If you are going to be a competent member of society, it is important to follow the popular culture in addition to current events. I have always been a pop culture omnivore, watching TV shows I found barely interesting, listening to music I didn’t like, seeing as many movies as I could, and following sports I hated. I viewed with alarm my contemporaries who assiduously ignored what their children and their children’s friends were watching and who they cared about. This is how you become irrelevant, and also incompetent. A culture has many features, and affects everything: the analogy of an individual in a culture being like a fish in water is apt. All of these people, ideas and events surrounding us that we see as trivial and silly have a massive effect on the rest of our lives, and we ignore them at their peril.
Yet today I have to confess that despite what I thought were my best efforts to keep up with popular culture, it has whizzed by me. There are a lot of reasons, social media being a major one. Another is no longer having a teen in the house, but the reasons don’t matter. It is a citizen’s duty to make sufficient efforts to know and understand the culture of his or her nation, because without that understanding, a citizen is making decisions within that culture on outdated, partial, or just bad information. That is incompetent and irresponsible.
I give myself a pop culture test every six months or so. Today, I used WeSmirch, an online aggregator of celebrity news. It was horrifying. I never heard of most of these people. Those I have heard of seem completely irrelevant to me. Almost all of the important people in thse stories seem to be morons, famous for being famous, illiterate, notable mostly for being rich. The so-called “news,” breathless shouted from various headlines, seemed less than inconsequential. And yet this is what a rising generation cares about.
Here is a typical headline from this morning: “Vanessa Morgan’s son is called River.” Who is Vanessa Morgan? Who cares what her son is named? It turns out that she is an actress on “Riverdale,” a TV show based on the comic book whose appeal I never understood (but I read the damn thing so I knew what my friends were reading). Oddly, I do know something about River’s father, Michael Kopech, because he pitches for the Chicago White Sox, and once was a Red Sox pitching prospect.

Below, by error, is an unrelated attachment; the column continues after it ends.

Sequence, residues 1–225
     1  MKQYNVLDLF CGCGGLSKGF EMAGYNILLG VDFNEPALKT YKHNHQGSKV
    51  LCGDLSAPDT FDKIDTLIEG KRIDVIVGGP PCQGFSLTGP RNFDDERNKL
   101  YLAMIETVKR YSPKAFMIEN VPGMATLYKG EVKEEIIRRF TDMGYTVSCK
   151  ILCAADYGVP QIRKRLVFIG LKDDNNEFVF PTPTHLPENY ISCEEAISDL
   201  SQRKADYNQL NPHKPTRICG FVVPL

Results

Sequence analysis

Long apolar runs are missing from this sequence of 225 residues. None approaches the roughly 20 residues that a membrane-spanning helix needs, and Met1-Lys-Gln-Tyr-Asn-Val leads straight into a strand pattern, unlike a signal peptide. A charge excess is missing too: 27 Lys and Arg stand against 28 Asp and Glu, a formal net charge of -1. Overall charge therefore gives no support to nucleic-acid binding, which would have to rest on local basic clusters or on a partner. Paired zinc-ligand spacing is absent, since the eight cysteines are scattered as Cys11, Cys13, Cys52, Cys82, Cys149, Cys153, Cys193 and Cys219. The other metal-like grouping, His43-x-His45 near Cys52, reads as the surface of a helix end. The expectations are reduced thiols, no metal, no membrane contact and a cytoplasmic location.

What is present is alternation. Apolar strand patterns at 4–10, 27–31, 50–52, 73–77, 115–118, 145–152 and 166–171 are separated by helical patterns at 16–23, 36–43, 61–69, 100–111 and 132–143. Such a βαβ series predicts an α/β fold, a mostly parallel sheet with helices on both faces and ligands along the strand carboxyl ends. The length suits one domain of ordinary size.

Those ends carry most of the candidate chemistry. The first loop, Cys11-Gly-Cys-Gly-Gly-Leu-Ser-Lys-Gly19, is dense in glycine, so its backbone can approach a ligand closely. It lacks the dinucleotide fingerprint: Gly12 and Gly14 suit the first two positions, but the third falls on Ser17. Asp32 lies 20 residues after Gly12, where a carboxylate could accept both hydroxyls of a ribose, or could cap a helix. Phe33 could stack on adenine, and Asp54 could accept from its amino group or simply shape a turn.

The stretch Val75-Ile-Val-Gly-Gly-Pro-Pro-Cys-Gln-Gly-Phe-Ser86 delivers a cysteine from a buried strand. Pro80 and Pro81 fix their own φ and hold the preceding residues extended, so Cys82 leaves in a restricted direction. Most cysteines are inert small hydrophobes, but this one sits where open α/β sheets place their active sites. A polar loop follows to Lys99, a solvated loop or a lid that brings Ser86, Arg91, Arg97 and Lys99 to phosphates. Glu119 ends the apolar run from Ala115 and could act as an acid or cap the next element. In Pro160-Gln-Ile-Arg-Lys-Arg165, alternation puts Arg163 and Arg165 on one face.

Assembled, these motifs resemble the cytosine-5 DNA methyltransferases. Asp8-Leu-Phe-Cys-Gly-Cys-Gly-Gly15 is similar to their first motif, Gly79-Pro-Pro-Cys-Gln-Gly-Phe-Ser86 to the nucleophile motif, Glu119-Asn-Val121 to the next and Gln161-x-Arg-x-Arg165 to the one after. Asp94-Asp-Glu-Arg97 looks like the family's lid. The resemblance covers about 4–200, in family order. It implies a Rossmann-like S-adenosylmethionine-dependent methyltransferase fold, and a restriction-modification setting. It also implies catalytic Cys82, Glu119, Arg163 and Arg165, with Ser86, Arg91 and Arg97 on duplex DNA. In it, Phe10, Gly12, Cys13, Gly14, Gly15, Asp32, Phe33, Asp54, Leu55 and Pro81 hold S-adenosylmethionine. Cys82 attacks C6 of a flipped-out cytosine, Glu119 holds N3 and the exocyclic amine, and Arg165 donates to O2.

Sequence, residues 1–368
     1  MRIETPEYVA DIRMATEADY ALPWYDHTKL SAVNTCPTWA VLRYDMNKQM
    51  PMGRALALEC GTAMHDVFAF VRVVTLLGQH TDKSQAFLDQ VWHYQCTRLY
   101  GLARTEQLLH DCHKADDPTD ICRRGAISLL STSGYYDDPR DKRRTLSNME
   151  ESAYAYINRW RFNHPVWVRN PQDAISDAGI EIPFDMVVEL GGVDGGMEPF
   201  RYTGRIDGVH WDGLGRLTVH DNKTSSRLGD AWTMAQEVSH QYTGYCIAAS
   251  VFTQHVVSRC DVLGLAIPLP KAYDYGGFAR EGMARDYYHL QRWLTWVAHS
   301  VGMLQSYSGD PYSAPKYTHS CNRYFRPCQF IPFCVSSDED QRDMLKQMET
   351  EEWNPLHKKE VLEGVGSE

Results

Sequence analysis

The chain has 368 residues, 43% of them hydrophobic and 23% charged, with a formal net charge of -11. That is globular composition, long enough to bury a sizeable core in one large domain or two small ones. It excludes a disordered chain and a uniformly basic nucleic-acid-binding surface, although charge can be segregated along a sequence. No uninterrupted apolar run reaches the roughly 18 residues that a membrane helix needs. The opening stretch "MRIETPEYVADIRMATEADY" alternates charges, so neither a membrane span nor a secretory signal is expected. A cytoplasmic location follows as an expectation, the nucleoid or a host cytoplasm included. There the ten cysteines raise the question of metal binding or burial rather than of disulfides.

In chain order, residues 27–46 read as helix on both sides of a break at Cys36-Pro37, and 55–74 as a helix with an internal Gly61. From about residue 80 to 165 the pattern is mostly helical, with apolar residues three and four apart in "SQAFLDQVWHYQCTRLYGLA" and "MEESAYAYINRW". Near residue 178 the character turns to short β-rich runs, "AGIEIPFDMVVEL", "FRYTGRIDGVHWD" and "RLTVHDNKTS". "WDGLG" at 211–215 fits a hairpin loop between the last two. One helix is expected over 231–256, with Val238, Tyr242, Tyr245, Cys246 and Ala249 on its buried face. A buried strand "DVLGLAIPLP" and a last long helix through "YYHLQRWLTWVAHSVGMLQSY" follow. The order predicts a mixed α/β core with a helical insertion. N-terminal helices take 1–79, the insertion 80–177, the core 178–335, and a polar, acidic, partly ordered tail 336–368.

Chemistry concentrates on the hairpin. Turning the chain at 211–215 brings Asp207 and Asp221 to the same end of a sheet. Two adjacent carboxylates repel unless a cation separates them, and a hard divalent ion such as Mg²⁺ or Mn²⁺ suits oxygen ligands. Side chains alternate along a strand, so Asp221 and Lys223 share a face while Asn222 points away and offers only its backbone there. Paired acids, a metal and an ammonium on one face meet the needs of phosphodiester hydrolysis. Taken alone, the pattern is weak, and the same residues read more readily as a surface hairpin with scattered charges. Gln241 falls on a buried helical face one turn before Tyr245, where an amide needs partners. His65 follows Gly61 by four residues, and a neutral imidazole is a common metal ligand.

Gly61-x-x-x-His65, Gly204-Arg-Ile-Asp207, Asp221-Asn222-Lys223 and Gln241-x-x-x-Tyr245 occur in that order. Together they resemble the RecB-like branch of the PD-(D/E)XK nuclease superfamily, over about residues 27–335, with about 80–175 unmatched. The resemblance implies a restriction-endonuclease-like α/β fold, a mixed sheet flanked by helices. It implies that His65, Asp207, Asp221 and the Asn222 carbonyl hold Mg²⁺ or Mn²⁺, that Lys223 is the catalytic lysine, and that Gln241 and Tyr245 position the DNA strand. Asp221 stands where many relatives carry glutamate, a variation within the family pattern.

Perusing the many articles and supposedly important celebrity news, I saw these names I could identify (unlike Ms. Morgan, who is, naturally, estranged from her newborn son’s father, as almost none of these celebrities think having a stable, two-parent marriage is a big deal because they are inexplicably rich, hence corrupting the values of their fans, who are not. Vanessa Morgan is also black, thus contributing in her own irresponsible way to the general mass shrug of the black community regarding two parent families):
- Tom Brady, the despicable NFL quarterback about to play in another Super Bowl
- Rebel Wilson, the obese comic actress who lost a hundred pounds in 2020, which will prove good for her health but fatal to her career
- Gigi Hadad, a model, and I have no idea why I know that.
- Donald Trump
- Actress Michelle Williams
- Ryan Seacrest, the “American Idol” host
- Rupert Grint, Ron Weasly in the “Harry Potter” films (saw every one, was bored stiff by the last five)
- M. Night Shyamalan, the creepy movie director (he’s not creepy, just his films)
- Chrissy Tiegen, another model
- Kim Kardashian
- Dustin Diamond, “Screech” on “Saved by the Bell,” who is now dead.
- Queen Elizabeth and Prince Harry.
- Cardi B, a rapper and social media star.
That’s fifteen. Now here are the supposedly important celebrities I couldn’t pick out of a line-up: